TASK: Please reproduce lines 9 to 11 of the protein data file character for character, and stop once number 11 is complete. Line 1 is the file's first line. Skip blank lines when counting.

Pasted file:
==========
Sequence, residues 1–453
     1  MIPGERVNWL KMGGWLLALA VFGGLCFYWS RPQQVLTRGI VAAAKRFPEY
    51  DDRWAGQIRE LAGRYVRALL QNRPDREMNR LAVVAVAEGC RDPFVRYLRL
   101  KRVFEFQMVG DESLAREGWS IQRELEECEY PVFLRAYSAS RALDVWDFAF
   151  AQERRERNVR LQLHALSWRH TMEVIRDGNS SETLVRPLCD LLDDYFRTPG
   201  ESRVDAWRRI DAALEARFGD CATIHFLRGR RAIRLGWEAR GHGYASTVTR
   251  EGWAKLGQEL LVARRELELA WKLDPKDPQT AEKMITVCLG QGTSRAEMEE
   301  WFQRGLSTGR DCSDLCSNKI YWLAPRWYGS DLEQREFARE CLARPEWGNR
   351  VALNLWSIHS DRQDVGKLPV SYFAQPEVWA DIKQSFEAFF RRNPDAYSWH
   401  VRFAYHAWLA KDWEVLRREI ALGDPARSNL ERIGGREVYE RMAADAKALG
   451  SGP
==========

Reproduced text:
   351  VALNLWSIHS DRQDVGKLPV SYFAQPEVWA DIKQSFEAFF RRNPDAYSWH
   401  VRFAYHAWLA KDWEVLRREI ALGDPARSNL ERIGGREVYE RMAADAKALG
   451  SGP